One of the beautiful things about data is that it gets less expensive with time. This vital commodity for the “digital revolution” is more and more readily available.
We at The Future 500 believe absolutely in the idea that innovation, constant innovation, is a key element to the 21st Century. Those who embrace the chaos of innovation and the the order of disorder will succeed, some beyond their wildest dreams. Those who do not will be left behind. This goes for countries, companies, and individuals. Create and think, or don’t. But the second option is not going to be a pleasant one.
The current model for college is terribly outdated. Though I look with fondness on my time in school and see value in being on-campus, online education seems to make much more sense for many people than the system I went through. Given the cost of education now this seems especially so.
Enter the MOOC or the “Massive open online course.” Is this the solution many students and parents have been looking for?
To some degree it appears- yes.
(From The Technology Review)
The excitement over MOOCs comes at a time of growing dissatisfaction with the state of college education. The average price tag for a bachelor’s degree has shot up to more than $100,000. Spending four years on campus often leaves young people or their parents weighed down with big debts, a burden not only on their personal finances but on the overall economy. And many people worry that even as the cost of higher education has risen, its quality has fallen. Dropout rates are often high, particularly at public colleges, and many graduates display little evidence that college improved their critical-thinking skills. Close to 60 percent of Americans believe that the country’s colleges and universities are failing to provide students with “good value for the money they and their families spend,” according to a 2011 survey by the Pew Research Center. Proponents of MOOCs say the efficiency and flexibility of online instruction will offer a timely remedy.
From the edge of the Rift Valley in East Africa comes an amazing experiment. The One Laptop Per Child Organization simply dropped off boxes of tablet computers at a couple of remote villages and observed what happened. The villages were illiterate and were not (according to the article) exposed to the printed word.
Without instruction the children of the villages customized their tablets and filled them with applications. In a few months they had even hacked their way through the operating system and enabled the disabled camera.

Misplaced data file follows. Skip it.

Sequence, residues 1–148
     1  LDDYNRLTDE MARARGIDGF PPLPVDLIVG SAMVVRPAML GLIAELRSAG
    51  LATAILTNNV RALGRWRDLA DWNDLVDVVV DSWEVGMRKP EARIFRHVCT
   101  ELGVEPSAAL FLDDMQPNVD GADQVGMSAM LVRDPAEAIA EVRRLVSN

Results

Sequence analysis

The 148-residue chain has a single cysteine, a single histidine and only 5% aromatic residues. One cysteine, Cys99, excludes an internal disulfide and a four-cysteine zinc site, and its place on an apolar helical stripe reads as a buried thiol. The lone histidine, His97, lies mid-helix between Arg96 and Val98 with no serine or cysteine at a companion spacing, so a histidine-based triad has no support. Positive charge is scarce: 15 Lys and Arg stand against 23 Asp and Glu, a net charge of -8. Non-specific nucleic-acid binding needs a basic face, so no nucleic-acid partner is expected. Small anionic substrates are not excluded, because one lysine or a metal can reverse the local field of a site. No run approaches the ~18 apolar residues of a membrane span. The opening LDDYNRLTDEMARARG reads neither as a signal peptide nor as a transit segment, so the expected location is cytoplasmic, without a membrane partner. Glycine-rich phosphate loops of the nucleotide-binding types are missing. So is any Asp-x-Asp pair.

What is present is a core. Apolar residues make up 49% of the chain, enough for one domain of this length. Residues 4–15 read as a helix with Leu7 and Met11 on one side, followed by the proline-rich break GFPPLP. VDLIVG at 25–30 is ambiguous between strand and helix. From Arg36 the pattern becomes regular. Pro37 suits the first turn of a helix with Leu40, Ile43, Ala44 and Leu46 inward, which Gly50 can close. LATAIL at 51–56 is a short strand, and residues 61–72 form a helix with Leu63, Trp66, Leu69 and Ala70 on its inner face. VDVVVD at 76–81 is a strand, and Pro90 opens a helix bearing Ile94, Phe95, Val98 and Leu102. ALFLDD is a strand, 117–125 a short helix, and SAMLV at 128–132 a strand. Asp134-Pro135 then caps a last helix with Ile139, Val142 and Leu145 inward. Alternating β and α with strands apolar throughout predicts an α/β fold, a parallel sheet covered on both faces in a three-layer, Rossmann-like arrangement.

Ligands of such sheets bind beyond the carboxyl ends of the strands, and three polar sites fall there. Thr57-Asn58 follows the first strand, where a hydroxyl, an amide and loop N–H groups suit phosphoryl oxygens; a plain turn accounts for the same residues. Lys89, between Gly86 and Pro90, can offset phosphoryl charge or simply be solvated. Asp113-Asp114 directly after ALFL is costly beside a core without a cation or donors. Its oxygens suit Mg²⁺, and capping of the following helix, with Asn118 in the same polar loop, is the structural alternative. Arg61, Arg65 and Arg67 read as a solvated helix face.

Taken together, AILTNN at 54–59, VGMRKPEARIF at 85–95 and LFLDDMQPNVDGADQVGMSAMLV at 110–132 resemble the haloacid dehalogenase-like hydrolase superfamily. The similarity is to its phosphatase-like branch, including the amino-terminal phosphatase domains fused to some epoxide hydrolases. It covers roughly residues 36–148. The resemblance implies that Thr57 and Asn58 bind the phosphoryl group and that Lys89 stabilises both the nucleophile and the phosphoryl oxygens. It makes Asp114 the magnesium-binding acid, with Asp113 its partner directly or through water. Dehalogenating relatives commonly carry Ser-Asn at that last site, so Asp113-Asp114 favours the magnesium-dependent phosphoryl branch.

The next step is to do the experiment again in a more “scientific” way to prove that the experience these youngsters had, and some had even begun to read, is valid objectively.
Human potential is an incredible thing. A tablet in the hands of a child unhampered by creative restrictions imposed from the outside must be an amazing thing to see.
Early observations are encouraging, said Nicholas Negroponte, OLPC’s founder, at MIT Technology Review’s EmTech conference last week.
The devices involved are Motorola Xoom tablets—used together with a solar charging system, which OLPC workers had taught adults in the village to use. Once a week, an OLPC worker visits the villages and swaps out memory cards so that researchers can study how the machines were actually used.
After several months, the kids in both villages were still heavily engaged in using and recharging the machines, and had been observed reciting the “alphabet song,” and even spelling words. One boy, exposed to literacy games with animal pictures, opened up a paint program and wrote the word “Lion.”
If you want to use the free online course software offered by Coursera (or any other similar entity) and you happen to live within the borders of Minnesota, you are out of luck. Just one more reason to head south I suppose.
We are not even talking about the pursuit of a degree or certificate or some other credential. This is learning for the sake of learning. And now you are breaking the law in Minnesota if you do it.
“The Chronicle of Higher Education reports that the state has decided to crack down on free education, notifying California-based startup Coursera that it is not allowed to offer its online courses to the state’s residents. Coursera, founded by Stanford computer science professors Daphne Koller and Andrew Ng, partners with top-tier universities around the world to offer certain classes online for free to anyone who wants to take them. You know, unless they happen to be from Minnesota.”
The ad is beautifully done and was sent to me by someone at the organization from what I can surmise.
It speaks nicely to the wave of cyber protests which have swept the world. I have watched these protests from the front row (online, as many of you have also) and the video captures the spirit.
The video promotes a website, from what I can figure out having just looked at it, which allows one to access university level learning materials for free (as far as I can see.) We are long time proponents of this kind of education and we are excited to see this site.
I once worked as a political director for a small non-profit called Openworld which is very interested in the issues presented below. High quality education, any time, anywhere in the world. Now that is revolutionary.
Good luck guys. We’ll keep an eye on your progress.